Mixing It

Feature in Issue 18-4 | Winter 2006

Mary Brennan takes a trip to the Magyar Tancfesztival 2006 in Hungary.

As audiences gathered in Gyor’s National Theatre for the first night of Hungary’s Fifth Dance Festival, they were stopped in their tracks by a figure in a vast, rippling swirl of blue – the skirt unfurling from a tight corset that revealed… a manly chest. Kristof Varnagy (a member of the Pal Frenak Company) was helping to launch the event with an installation based on Mennono, the solo show he would present later in the Festival. Not many major dance festivals choose to begin their programme with a piece of total theatre in the foyer – Varnagy performed a spontaneous episode that was at once cabaret (with nuances of Josephine Baker in the movements of torso, arms and hands) and yet had an element of serious theatre in its implicit questioning of gender boundaries and personal identity. But then Hungary’s bi-annual dance festival has never really followed rigid lines of demarcation since its brave beginnings in 1998.

The festival logo – a white pointe-shoe superimposed against a black knee-boot (signifying folk dance) – made it clear from the start that there was no hoity-toity pecking order along the lines of ‘some forms good art/others not’. The mix, then as now, was an all-encompassing one that reflected the various forms of dance – and dance-theatre – that were on offer all across Hungary. Yes, there was ballet – courtesy of the Hungarian National Ballet and others – and yes, there was folk dance. But there was always a vigorous tranche of contemporary work, both mainstream and experimental. The likes of Yvette Bozsik (one of the earliest recipients of a Total Theatre Award at the Edinburgh Fringe) and Artus, one of Budapest’s most internationally acclaimed performance groups, were consistently welcomed into the programme because their innovative approaches to movement, visuals, music and design were a valuable reminder that creativity and culture should be responsive to changing times and the modern world.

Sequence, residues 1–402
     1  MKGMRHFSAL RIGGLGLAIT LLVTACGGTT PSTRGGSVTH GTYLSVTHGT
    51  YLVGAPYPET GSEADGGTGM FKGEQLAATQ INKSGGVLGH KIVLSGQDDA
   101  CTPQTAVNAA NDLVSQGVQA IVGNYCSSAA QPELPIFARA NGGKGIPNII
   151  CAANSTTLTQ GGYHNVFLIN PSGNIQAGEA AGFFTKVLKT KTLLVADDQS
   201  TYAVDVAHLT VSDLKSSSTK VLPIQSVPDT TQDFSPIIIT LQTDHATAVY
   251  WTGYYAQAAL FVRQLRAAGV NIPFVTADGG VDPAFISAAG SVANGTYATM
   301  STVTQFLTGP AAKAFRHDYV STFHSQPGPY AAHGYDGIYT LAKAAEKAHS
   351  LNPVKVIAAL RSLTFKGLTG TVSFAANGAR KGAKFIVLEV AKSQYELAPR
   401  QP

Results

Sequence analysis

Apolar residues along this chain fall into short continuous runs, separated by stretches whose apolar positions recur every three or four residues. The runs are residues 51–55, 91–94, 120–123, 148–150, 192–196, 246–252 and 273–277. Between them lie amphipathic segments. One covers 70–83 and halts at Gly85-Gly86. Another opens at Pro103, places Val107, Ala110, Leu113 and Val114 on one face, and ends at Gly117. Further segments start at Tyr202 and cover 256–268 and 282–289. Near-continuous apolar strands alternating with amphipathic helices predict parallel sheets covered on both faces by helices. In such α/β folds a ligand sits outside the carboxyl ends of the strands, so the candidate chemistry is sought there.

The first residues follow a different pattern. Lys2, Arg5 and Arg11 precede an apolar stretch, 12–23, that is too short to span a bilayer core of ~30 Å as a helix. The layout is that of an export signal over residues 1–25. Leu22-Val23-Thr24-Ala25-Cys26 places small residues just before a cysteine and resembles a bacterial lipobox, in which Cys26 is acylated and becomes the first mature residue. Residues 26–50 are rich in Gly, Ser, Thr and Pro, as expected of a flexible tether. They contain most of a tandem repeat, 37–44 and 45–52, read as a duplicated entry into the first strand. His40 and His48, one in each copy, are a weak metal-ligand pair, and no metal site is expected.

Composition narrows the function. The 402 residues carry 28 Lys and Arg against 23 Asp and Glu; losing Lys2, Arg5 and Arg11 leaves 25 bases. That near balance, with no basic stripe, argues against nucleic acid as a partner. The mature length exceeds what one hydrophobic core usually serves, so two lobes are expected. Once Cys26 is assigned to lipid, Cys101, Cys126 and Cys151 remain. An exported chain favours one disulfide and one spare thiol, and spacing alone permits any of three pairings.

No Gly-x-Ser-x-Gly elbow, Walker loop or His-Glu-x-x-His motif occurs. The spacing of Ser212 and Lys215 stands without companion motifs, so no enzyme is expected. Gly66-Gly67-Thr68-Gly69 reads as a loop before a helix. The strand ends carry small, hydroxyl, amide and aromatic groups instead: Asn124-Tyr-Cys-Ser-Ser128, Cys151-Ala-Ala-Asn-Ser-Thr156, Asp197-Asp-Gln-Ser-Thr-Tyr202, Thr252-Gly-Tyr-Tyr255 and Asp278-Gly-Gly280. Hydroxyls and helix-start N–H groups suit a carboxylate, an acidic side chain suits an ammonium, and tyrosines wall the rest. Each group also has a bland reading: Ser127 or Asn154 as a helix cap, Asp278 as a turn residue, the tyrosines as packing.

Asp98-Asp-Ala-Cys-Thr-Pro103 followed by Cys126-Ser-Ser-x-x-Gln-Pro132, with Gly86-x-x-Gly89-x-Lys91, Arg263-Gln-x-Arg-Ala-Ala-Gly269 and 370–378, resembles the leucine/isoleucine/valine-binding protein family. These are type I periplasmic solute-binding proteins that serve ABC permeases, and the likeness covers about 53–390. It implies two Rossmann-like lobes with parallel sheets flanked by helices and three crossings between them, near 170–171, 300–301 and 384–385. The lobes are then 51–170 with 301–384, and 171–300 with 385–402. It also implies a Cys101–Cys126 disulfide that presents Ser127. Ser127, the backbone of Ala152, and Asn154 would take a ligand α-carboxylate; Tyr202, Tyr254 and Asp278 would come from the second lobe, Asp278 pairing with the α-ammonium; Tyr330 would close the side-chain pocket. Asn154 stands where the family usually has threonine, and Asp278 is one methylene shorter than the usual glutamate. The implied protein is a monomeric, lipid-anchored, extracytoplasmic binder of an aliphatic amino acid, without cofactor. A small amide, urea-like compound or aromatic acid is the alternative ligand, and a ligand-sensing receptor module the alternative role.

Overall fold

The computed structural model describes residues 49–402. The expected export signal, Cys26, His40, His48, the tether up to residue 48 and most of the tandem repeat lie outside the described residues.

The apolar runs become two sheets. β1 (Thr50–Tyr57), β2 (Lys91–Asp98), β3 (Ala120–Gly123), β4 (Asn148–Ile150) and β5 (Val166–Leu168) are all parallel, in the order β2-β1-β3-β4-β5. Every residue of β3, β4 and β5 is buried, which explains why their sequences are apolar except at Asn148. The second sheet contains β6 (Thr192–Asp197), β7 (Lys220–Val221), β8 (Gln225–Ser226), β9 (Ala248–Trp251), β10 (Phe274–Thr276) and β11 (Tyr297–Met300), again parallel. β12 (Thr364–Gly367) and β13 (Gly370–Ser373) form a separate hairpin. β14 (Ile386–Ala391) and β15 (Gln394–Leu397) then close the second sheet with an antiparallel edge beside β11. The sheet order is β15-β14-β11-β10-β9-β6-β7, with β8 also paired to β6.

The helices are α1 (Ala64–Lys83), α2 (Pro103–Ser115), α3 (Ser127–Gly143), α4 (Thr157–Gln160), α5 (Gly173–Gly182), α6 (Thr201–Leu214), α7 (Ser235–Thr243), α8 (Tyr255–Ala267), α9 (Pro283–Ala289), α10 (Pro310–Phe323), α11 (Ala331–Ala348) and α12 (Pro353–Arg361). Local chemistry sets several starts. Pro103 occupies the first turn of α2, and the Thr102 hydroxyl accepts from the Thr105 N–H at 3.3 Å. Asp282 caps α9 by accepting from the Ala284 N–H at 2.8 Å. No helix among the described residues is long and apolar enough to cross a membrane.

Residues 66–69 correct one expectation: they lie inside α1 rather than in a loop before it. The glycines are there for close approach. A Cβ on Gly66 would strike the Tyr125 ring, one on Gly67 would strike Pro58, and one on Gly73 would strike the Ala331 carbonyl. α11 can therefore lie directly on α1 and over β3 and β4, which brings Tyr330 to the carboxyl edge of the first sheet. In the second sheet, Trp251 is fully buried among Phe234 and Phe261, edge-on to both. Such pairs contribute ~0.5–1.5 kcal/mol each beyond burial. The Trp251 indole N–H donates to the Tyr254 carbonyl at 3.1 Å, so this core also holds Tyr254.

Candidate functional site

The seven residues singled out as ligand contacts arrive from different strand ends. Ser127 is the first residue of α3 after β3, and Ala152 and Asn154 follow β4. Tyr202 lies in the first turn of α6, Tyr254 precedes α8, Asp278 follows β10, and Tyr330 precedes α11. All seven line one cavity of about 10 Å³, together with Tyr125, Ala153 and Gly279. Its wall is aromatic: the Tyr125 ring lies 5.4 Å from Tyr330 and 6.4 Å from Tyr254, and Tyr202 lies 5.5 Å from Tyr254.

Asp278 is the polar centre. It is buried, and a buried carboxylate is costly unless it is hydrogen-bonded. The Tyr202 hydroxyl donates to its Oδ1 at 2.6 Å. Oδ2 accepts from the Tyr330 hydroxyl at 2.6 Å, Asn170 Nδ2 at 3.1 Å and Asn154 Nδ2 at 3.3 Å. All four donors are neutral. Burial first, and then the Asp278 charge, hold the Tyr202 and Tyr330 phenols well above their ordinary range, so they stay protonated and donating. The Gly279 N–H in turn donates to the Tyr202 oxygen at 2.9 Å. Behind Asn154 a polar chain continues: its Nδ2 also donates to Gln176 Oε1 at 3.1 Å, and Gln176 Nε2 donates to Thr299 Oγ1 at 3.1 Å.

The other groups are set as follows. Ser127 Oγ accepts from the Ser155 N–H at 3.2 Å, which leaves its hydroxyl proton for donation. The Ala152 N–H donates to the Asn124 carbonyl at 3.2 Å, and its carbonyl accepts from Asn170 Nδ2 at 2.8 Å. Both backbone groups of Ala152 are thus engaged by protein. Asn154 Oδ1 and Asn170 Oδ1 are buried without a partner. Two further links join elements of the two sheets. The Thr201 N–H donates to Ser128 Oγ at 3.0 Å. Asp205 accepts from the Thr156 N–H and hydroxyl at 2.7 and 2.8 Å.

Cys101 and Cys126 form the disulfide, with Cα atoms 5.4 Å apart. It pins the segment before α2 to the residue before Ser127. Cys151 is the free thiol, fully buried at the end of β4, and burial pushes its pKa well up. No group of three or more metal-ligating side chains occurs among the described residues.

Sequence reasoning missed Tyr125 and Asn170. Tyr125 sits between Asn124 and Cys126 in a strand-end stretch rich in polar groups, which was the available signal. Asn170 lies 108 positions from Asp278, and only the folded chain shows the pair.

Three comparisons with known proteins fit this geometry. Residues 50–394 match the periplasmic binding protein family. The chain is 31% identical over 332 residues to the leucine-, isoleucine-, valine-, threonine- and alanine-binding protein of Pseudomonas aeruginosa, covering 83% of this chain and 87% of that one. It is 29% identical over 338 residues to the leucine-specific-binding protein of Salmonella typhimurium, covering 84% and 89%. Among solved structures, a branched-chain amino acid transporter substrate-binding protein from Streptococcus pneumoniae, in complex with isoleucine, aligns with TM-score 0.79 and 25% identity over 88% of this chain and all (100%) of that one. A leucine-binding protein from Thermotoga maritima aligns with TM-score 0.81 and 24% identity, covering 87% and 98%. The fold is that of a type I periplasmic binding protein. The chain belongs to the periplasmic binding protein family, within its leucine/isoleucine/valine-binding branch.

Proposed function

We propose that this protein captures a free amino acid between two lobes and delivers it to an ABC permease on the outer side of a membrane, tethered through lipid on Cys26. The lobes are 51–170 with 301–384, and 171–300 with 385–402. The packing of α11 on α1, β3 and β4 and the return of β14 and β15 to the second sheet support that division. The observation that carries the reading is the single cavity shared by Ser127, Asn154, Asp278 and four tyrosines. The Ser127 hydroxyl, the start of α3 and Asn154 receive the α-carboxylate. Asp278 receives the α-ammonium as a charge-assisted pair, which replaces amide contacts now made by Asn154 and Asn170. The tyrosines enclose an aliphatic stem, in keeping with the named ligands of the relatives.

I suppose if something similar was to be staged in the UK, it would have the Royal Ballet ranged alongside a Morris dancing troupe and maybe some Scottish Highland dancers, with Siobhan Davies or Wayne McGregor’s company flying the contemporary flag while Forced Entertainment, Stan Can’t Dance and Lone Twin lined up in the wings – and that’s without taking into account the platform programmes for new and emerging talents. This eight-day juxtaposition of genres really sends the onlooking mindset into freefall. It’s an intriguing, even liberating way of assimilating work, quite different from the intense focus that sets in during a stint of Live Art or unalloyed Balanchine. That’s because the programming mix doesn’t cluster styles together – this year, the Hungarian National Ballet performance was followed by Dream Team Theatre with a wry, stylised female duet of mannerisms and rivalries that pivoted (often acrobatically) around a fourposter bed. On another night, a razzy-jazzy version of The Hunchback of Notre Dame (presented by Ballet Pecs with huge enthusiasm, lavish sets and more than a whiff of far-off Broadway) was followed by a piece of folk dance that really could claim to be total theatre. Szekek (Chairs) was inspired by Ionesco’s Absurd drama of the same name. The last couple on earth are dying… You could, without much pushing or shoving, interpret that as an emblem of what is changing within Hungary, two years after joining the European Community. Already the kids on the block are emulating the street styles (of dress and dance alike) of the ‘dudes in the ’hood’ that they see on TV and on their computer screens. A temporary stage, erected in the square in front of Gyor’s National Theatre, housed nightly displays of teenagers strutting their hip hop stuff… Does it herald a fading away of the traditional folk dances that used to fill so many public squares across the country, dances where passers-by, lured by cimbalon and fiddle, would just have to join in?